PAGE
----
GARFIELD MINUS GARFIELD makes Jim Davis’ ridiculously popular comic strip something it hasn’t been for me since I was in grade school: funny, and something I’d want to read. Spurred by Dan Walsh’s meta “Internet sensation,” this slim book reprints roughly 100 Garfield strips, only without the lasagna-loving fat cat. That leaves human Jon to his own lonely existence, talking to himself and generally appearing like an excellent test case for a daily Prozac/Xanax cocktail. You can compare each to the original, which shows how removing one cloying character — the strip’s very being — results in unintentional brilliance.

About the only readers who’ll be perplexed by Maxwell Eaton III’s THE ADVENTURES OF MAX AND PINKY: THE MYSTERY will be its core target of 4-to-8-year-olds. But a whodunit is not really the point. This simple story — part children’s book, part comic book — entails a barn that gets repainted in the dead of night, so Max — who looks like the love child of Charlie Brown and Ziggy — and his pet pig Pinky set out to uncover the culprit. This results in amusing bits of questioning perps (poor, innocent groundhog) and a farm-animal lineup — unconventional for this type of title. Cute, and not the least bit nauseating. —Rod Lott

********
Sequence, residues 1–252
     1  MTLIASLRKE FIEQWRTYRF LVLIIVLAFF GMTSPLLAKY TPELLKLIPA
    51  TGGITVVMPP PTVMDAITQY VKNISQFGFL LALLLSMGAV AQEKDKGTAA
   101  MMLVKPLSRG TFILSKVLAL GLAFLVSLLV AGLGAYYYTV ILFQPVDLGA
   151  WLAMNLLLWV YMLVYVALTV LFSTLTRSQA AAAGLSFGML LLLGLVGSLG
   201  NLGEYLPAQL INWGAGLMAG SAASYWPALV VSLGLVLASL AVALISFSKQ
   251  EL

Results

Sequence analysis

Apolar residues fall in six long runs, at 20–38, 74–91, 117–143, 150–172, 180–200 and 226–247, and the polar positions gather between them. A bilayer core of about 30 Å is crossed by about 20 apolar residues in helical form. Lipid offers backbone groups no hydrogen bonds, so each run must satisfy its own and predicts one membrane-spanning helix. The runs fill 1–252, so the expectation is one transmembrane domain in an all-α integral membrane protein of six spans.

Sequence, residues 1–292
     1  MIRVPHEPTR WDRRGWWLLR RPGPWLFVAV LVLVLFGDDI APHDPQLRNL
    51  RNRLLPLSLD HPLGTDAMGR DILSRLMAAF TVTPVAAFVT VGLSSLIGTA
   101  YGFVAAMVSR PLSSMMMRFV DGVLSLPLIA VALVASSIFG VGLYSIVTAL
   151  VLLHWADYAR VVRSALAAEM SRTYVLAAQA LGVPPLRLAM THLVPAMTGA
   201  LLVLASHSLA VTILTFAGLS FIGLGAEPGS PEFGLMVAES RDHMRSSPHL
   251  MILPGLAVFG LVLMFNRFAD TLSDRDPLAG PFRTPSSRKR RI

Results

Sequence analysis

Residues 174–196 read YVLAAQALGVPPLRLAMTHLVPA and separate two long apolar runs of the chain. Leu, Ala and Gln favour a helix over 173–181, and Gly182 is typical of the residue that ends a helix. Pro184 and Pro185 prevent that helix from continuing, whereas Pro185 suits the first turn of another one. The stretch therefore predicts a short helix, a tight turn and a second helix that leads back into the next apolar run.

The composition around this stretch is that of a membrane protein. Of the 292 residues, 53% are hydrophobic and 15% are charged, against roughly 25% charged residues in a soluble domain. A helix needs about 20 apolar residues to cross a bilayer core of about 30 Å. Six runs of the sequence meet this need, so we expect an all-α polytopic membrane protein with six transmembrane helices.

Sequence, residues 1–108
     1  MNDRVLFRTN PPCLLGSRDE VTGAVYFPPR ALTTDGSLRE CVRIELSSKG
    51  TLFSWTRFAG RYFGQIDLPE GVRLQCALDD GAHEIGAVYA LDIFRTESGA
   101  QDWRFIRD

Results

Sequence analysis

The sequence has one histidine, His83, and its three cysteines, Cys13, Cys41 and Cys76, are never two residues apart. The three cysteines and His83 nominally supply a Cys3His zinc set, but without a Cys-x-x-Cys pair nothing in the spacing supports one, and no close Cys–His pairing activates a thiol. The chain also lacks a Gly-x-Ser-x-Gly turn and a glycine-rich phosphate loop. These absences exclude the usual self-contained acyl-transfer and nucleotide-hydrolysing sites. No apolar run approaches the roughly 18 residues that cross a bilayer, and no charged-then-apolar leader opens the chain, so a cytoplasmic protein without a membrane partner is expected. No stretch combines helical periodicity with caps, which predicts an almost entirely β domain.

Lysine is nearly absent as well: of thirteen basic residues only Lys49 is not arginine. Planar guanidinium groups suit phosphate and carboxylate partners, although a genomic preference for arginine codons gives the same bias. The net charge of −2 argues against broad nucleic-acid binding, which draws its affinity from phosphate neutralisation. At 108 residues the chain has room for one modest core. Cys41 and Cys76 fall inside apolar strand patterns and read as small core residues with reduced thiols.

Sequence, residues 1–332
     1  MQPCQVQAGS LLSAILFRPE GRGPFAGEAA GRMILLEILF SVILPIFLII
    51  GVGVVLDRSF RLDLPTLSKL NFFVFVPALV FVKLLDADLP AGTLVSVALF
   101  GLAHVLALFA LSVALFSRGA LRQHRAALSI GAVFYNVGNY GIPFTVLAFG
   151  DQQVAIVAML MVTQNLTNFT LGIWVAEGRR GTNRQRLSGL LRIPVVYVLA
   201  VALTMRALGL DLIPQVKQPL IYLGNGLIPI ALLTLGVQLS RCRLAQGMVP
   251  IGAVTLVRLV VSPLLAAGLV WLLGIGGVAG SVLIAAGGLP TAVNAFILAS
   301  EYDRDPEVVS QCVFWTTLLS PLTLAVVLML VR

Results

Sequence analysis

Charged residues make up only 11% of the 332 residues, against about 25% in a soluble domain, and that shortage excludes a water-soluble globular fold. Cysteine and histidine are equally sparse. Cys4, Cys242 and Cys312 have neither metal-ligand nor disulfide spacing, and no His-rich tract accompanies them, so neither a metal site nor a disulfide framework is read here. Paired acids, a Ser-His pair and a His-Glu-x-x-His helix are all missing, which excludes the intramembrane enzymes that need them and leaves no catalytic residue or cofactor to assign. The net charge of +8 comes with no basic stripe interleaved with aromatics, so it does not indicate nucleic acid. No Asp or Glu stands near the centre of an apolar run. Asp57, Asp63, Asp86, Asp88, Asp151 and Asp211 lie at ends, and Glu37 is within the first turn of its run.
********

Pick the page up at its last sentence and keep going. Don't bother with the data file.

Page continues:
Buy them at Amazon.

Crimewave Ten: Now You See Me

Publications like CRIMEWAVE TEN: NOW YOU SEE ME make me want to move to England. From British indie publisher TTA Press, this quasi-magazine/book is filled with top-notch short fiction. As if the title didn’t tell you, the name of CRIMEWAVE’s game is crime — the dark, dingy, grimy and grungy kind. The proof begins on page 3 with the first story, “2PM: The Real Estate Agent Arrives,” in which Steve Rasnic Tem manages to provide a real bone chill in a mere 55 words.

Joel Lane makes quite the impression with “Even the Pawn,” covering the investigation of the death of a prostitute found dumped in the trash of a Chinese restaurant. The trail leads to a sleazy world of “massage parlors,” pornographic filmmakers, alcoholics and one startling, didn’t-see-that-coming twist.

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BULLETS, BROADS, BLACKMAIL & BOMBS >> Halloween Decorations

bullets broads blackmail and bombsI’m talking those cardboard creations of bright-orange pumpkins and skeletons with the arms that can move. Or how about a witch flying on a broom across the moon, hanging on your front door? It’s that time of year when candy corn is being sold by the truckloads, and pumpkins are plentiful. Changing things up from the previous Halloween columns, I’m tackling three books with icons of Halloween in the titles. Can’t promise anything spooky, though.

BATS FLY AT DUSK by Erle Stanley Gardner — This is not your typical Cool & Lam mystery, since Donald Lam is nowhere to be found. We’re told he signed up for the Navy, which is fitting since this book was written in 1942. He makes somewhat of an appearance through a few telegrams, but that’s all. This one is all about Bertha Cool taking center stage.